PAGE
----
May 1, 1984

Is there a unifying hypothesis for exercise-induced asthma?

The Journal of Allergy and Clinical Immunology
S D Anderson

Abstract

We believe that it is the loss of water per se and not heat loss that is the most important stimulus to exercise-induced asthma (EIA). The evidence to support this concept comes from a number of observations. First, EIA may occur when expired air temperature during exercise is close to body temperature and higher than that normally observed at rest. This suggests that EIA is not always associated with cooling of the airways. Second, there is evidence to show that the temperature of the inspired air is less critical than was previously thought. Providing that the water loss is the same, the airway response is reproducible even though the heat loss may vary because of differences in the temperature of the inspired air. Because expired water concentration is relatively constant, the airway response relates well to the water concentration of the inspired air. We believe that evaporative water loss from the airway mucosa induces a transient change in osmolarity in the epithelial fluid and that this change is a more potent stimulus to bronchoconstriction than is airway cooling. We believe this hypothesis accounts for many known facts about EIA and should merit further investigation by which it may be proved or disproved.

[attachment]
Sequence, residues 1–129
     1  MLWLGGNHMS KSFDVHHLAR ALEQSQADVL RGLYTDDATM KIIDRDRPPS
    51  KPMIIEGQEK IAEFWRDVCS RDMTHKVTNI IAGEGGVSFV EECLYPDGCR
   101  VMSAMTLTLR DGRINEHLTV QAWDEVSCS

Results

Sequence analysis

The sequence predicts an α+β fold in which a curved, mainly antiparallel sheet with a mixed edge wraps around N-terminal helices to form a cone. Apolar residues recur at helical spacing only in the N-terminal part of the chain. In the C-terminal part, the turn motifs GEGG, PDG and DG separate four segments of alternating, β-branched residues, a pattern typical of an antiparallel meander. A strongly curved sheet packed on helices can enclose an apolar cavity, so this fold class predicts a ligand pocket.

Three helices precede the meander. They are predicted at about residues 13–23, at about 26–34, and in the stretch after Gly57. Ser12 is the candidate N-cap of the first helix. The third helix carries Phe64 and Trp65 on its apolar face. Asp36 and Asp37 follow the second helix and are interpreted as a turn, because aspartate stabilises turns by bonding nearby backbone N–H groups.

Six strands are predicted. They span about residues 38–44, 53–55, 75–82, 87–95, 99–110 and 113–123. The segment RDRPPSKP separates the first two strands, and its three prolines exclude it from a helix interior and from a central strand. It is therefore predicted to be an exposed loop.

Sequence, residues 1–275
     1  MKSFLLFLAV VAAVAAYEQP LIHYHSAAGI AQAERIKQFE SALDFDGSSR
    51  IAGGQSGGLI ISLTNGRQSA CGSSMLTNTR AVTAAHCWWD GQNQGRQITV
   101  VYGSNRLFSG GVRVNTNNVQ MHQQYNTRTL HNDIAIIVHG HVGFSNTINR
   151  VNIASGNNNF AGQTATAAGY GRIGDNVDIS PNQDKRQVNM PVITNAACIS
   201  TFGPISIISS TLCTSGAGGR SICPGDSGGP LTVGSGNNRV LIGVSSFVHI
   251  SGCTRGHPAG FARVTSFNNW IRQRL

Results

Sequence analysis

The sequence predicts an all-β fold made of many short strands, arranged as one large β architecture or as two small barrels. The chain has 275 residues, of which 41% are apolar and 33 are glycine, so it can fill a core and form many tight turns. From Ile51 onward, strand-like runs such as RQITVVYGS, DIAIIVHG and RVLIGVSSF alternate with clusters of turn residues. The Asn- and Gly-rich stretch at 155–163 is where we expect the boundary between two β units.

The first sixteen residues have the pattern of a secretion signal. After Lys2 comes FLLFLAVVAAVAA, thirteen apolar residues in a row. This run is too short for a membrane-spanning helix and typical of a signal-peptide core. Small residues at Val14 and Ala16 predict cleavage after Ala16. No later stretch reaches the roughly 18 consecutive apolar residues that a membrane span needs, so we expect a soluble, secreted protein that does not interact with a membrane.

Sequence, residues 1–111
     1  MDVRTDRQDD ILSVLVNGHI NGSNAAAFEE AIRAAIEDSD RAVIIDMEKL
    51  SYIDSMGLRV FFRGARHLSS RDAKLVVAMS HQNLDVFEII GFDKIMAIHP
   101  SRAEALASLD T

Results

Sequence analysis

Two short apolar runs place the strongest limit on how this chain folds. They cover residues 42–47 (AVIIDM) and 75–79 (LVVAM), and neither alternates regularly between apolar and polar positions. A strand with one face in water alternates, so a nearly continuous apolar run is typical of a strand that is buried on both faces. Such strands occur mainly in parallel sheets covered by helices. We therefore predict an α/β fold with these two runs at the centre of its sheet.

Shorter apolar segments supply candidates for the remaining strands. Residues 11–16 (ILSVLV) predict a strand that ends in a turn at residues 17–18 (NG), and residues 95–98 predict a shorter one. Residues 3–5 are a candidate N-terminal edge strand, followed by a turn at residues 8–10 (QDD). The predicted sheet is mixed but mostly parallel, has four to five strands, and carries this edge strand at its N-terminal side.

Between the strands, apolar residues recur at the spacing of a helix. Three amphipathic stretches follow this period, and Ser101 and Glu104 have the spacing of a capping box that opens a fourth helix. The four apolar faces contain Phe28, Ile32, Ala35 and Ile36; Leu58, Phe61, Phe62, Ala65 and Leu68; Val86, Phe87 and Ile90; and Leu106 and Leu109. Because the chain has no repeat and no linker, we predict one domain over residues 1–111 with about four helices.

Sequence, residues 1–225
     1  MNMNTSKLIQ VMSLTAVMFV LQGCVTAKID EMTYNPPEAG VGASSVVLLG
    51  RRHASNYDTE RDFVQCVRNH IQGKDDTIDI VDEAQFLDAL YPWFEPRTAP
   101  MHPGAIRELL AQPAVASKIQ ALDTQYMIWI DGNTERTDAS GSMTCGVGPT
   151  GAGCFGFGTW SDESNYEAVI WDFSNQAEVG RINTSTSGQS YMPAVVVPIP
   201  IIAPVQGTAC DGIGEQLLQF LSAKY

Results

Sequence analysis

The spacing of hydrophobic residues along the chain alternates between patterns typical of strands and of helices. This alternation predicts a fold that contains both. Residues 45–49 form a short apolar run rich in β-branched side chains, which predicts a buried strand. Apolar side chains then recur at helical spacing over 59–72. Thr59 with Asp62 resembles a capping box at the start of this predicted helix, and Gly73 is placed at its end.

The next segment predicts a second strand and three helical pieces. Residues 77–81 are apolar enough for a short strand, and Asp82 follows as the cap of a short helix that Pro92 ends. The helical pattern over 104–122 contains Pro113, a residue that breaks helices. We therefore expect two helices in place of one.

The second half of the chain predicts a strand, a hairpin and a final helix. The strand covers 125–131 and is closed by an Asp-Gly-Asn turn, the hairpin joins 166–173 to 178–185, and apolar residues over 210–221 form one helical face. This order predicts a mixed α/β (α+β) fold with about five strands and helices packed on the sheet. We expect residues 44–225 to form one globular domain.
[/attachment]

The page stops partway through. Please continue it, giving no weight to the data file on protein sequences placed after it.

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Mentioned in this Paper

Bronchospasm, Exercise-Induced
Hypertonic Solutions
Asthma
Aerosol Dose Form
Forced Expiratory Volume Function
Heat Loss
Hypotonic Solutions
Osmolality
Water Stress

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